What’s Your Line? Lines as Symbols in Photography

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“A clear horizon … invites fresh perception, new inspiration.” ~ Alexandra de Steiguer, Small Island, Big Picture

Lately, I’ve been doing visual journaling weekly with certain images, trying to uncover themes and patterns and bring a little more self-awareness to understanding why I photograph what I do.

One theme I’ve noticed recently is that of (mostly horizontal) lines. See my Flickr album on Horizontal Lines.

In this post, I’d like to explore the symbolism of lines, especially for photography. Sally Gentle Drew, who is collaborating with me on a workshop in visual journaling (more on that below), had this to say.

For me, horizontal lines provide a quiet contrast to the busyness of other lines. The horizontal line seems to say, ‘here, let me organize that content for you’ or ‘let me serve as a boundary so you can better see where this begins and that ends. The horizontal line can also be an edge, heightening my awareness to the present moment – alerting me that a decision may need to be made, a risk may need to be taken, a contrast may exist, a line may or may not need to be crossed.’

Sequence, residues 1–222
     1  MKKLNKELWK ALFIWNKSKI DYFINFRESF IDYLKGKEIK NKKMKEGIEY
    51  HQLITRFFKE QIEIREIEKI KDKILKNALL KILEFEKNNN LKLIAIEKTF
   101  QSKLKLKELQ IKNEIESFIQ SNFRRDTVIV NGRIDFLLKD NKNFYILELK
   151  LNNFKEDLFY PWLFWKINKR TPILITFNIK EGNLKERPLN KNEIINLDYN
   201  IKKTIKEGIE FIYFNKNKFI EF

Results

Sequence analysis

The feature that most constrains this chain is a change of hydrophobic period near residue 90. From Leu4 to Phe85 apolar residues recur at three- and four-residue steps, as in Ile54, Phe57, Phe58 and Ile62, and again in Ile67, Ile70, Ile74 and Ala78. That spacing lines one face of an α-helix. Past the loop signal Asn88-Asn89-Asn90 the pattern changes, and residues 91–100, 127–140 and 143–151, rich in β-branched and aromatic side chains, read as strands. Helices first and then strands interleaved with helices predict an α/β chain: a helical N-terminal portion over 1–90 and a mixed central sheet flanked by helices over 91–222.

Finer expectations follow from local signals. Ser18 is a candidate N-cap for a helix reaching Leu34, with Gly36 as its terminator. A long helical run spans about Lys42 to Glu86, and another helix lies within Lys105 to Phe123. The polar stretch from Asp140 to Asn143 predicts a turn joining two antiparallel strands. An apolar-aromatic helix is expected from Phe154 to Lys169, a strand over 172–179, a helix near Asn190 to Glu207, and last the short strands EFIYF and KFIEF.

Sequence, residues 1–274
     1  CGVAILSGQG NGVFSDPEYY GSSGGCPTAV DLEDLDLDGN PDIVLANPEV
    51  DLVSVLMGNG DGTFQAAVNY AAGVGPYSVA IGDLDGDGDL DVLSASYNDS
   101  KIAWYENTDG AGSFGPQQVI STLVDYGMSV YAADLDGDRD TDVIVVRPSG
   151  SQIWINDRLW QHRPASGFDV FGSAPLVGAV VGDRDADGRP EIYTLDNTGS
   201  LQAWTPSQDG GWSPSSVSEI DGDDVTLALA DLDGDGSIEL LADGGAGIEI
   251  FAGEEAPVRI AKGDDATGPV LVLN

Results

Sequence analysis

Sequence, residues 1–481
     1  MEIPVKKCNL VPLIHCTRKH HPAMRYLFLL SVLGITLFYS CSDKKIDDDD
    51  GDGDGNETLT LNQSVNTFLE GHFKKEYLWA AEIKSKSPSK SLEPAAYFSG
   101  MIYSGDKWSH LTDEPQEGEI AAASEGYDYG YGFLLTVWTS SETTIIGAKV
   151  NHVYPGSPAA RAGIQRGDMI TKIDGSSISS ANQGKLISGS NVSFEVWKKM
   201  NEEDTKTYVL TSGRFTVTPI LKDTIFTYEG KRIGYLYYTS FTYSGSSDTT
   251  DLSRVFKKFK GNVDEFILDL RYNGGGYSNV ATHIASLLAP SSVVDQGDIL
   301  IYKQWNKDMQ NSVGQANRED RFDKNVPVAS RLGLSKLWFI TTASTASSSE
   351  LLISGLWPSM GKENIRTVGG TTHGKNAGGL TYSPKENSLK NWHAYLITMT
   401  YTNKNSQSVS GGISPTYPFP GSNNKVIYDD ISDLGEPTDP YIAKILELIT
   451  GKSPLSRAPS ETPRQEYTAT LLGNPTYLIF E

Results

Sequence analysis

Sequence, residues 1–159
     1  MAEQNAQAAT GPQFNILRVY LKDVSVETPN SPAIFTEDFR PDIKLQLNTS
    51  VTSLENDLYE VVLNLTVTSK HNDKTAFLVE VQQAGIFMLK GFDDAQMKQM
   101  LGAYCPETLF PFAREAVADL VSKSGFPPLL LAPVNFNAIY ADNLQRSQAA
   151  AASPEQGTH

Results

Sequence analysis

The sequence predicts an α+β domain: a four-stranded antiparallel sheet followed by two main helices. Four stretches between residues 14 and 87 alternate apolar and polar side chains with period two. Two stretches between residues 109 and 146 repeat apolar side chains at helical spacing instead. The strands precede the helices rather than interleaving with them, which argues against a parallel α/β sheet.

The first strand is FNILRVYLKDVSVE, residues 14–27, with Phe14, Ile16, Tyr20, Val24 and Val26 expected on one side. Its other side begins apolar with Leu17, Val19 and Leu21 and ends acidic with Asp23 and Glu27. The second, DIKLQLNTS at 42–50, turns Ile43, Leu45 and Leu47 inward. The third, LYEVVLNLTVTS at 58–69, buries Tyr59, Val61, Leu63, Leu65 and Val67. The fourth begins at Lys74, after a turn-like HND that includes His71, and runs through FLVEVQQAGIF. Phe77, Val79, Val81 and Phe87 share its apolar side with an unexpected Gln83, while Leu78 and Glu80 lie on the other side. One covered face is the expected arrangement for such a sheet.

Vertical, diagonal and zig zag lines carry a more dynamic energy; they rise, they fall, they say, ‘hey, let me hold that up’ or ‘look here, now there, wait – maybe up here, and down there, and through this’, etc.

When my eye rests on the stable dependability of the horizontal line, something inside feels the space to breathe, feels the time to drift, to imagine, to contemplate potential. I appreciate the quiet encouragement to move at a pace that feels most comfortable to me in that moment; in the knowing that I’ll catch up with the other lines, and the activity they represent, when I’m ready.